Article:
‘God Is Teaching Us’: Shawn Johnson East Shares Encouragement After Father-in-Law’s Death
By Movieguide® Contributor
Gymnast Shawn Johnson East recently opened up about the death of her father-in-law and the lessons God is teaching her and her husband, Andrew.
During an Instagram Q&A, a follower asked the form Olympic Gold-medalist was asked, “What is God trying to teach you right now?”
“I love this question,” she started. “After Dad passed away, I think God is teaching us… I feel like when you go through something like that, you can either really lean into your faith or fall out of it. I feel like for us, in our family, we really leaned into it.”
East continued to list off things she’s learned: “Patience, not taking time for granted, and probably a lot of other things, but I feel like… God taught us through Dad true appreciation. He was so grateful for every second he was ever given.”
East has previously spoken about how her faith has given her strength.
Movieguide® previously reported:
Shawn Johnson, a renowned Olympic gold medalist, spoke with “I am Second” about the obstacles and trials that came with the discipline of gymnastics.
Johnson revealed that at the 2008 Olympics, she felt the pressure of the world on her shoulders. Everyone expected her to be the next all-around Olympic gold medalist for gymnastics. However, Johnson came home with only one gold and was a runner-up to her teammate Nastia Lukin.
Johnson said that she returned home with intense feelings of failure.
“I had given 200% that day in competition and laid it down on the floor, but I felt like I had failed the world. I felt like since the world saw me as nothing else, then if I failed at being a gymnast I failed at being a human being,” she said.
Johnson’s identity was gymnastics. Despite her outward success, she found that the pressure to succeed was overtaking every area of her life.
At just 16 years old, Johnson was under the spotlight of the entire world. After her performance in Beijing, Johnson landed a spot on the show DANCING WITH THE STARS. However, as Johnson’s popularity began to rise, so made the online criticisms.
“[I was] reading all of these blogs and reading newspaper articles and seeing headlines of people criticizing my weight and my appearance and my personality and my character. And it affected me immensely,” Johnson said.
Johnson began to train for 40 hours a week to return to the 2012 Olympic games in London.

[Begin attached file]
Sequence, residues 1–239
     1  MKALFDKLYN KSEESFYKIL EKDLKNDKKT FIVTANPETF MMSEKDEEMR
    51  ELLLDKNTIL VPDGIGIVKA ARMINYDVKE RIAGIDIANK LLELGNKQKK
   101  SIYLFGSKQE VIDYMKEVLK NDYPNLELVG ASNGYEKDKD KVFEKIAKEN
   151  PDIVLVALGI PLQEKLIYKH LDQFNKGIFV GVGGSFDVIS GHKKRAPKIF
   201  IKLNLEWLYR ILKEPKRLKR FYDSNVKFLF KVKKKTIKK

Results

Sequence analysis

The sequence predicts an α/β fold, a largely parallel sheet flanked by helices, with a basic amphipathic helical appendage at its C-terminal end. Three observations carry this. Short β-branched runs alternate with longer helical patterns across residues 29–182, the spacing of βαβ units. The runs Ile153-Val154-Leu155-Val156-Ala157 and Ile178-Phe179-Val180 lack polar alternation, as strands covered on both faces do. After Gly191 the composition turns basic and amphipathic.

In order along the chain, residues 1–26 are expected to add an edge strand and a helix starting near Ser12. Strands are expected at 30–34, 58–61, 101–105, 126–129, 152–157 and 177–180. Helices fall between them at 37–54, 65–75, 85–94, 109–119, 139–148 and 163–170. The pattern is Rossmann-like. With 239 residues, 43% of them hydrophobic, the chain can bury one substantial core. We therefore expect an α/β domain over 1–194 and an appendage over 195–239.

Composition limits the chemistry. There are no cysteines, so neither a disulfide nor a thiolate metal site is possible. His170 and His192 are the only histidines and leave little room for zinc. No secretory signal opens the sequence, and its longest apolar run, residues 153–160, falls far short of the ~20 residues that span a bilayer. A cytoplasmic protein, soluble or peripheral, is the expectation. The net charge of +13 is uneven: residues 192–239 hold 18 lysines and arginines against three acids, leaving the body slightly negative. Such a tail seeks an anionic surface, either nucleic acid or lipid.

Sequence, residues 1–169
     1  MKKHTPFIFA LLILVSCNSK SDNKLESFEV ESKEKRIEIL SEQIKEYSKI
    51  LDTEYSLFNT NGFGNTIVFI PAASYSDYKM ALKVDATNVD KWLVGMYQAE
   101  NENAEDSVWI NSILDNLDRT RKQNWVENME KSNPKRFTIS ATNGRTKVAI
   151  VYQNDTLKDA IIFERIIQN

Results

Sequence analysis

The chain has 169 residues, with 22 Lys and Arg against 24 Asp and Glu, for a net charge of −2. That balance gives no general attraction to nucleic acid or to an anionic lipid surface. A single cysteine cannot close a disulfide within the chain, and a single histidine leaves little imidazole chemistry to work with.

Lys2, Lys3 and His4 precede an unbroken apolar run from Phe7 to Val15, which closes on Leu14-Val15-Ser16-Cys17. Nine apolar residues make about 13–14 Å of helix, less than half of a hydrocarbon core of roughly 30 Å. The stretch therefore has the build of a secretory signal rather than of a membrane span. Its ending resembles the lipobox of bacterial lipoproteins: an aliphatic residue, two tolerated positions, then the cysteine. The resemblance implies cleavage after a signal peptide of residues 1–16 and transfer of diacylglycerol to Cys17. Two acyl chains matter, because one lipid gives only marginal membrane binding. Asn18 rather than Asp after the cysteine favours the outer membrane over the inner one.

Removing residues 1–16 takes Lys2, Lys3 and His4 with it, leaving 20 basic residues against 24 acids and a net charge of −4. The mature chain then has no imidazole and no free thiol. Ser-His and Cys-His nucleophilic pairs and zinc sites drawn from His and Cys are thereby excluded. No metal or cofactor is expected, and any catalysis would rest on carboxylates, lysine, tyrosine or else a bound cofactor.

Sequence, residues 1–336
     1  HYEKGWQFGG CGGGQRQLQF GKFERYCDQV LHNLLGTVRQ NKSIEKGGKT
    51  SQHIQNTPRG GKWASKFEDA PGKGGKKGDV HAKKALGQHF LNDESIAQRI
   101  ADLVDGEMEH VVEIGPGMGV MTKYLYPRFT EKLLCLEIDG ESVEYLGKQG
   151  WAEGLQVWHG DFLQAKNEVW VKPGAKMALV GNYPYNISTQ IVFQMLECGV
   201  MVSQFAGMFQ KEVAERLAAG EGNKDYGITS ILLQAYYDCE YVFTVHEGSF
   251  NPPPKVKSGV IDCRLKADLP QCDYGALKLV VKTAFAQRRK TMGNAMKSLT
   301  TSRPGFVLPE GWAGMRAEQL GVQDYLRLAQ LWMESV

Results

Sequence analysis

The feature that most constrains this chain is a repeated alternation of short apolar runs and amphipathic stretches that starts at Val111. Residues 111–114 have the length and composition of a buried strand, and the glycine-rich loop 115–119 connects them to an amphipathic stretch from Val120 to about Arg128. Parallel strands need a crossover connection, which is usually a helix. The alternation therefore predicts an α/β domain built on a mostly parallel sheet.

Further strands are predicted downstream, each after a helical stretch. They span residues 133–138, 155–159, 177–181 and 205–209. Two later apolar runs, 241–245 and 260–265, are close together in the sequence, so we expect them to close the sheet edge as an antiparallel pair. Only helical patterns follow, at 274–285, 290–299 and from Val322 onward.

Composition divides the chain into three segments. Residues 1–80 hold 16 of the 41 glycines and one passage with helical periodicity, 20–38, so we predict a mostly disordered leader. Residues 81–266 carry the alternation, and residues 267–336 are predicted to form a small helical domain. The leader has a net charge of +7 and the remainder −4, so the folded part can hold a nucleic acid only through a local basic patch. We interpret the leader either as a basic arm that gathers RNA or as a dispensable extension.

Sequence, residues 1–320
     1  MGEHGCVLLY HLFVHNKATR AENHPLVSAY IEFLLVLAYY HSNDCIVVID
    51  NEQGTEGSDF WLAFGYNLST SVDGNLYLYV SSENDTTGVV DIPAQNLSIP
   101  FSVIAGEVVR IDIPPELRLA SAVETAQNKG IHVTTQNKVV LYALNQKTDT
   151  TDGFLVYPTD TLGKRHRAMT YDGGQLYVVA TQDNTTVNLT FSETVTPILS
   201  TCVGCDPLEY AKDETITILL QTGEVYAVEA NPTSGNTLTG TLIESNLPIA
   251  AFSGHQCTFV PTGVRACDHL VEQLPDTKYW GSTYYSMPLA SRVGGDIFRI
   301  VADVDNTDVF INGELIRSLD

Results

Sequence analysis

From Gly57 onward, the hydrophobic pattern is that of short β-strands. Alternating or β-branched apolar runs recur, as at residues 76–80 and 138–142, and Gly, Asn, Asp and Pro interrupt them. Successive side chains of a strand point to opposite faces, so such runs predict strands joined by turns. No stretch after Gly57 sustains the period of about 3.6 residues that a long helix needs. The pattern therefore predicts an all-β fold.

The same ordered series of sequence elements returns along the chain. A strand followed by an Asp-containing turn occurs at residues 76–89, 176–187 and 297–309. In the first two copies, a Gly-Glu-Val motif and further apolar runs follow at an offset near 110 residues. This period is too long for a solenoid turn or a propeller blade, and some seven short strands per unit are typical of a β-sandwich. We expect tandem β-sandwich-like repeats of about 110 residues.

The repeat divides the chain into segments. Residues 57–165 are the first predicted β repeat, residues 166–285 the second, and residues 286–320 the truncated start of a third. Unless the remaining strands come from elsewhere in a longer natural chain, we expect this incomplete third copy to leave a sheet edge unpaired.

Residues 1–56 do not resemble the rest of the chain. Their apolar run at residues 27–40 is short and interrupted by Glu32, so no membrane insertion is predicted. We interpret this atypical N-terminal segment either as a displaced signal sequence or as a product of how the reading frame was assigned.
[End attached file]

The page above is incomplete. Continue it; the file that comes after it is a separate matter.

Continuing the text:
“I was hitting probably my all-time low, I was spending probably over 40 hours a week training. I was constantly trying to lose weight, but it wasn’t happening. My parents wanted me to go see a psychologist or go see a doctor because they thought I was clinically depressed. I remember I was losing hair. I wasn’t able to sleep,” Johnson said.
Despite her declining health, Johnson said to herself that “if this is what will make the sponsors happy and my parents happy and my coach happy and the team and the USA National Team happy, and if this is what is right for everybody then this is what’s right for me. I can just push through it.”
However, Johnson credits God for intervening and showing her where her true identity should rest.
Johnson finally found peace one practice when she was preparing to practice a routine. She says that at that moment, she “felt like God was telling me, ‘You’ve been so distraught over this decision. And you’ve been putting yourself through all of this and your family through all of this. And you’ve been afraid of disappointing a lot of people and not been yourself, but it’s okay to follow your heart and to put it behind you.’”
Johnson chose to retire from competitive gymnastics a month before the 2012 Olympics.
Johnson reflected on her relationship with God and her career, saying, “God is the answer to everything, and Jesus sacrificed his life on the cross so that when I stood up there and I was given that gold medal, yes, it’s a monumental and amazing experience and wonderful thing. But it’s not the end all be all. Yes, I can work my whole life to become the CEO of a company or to make a certain amount of money or to win 12 more Olympic gold medals. But it’s not the purpose in life, and he will always be my greatest reward and my proudest reward.”
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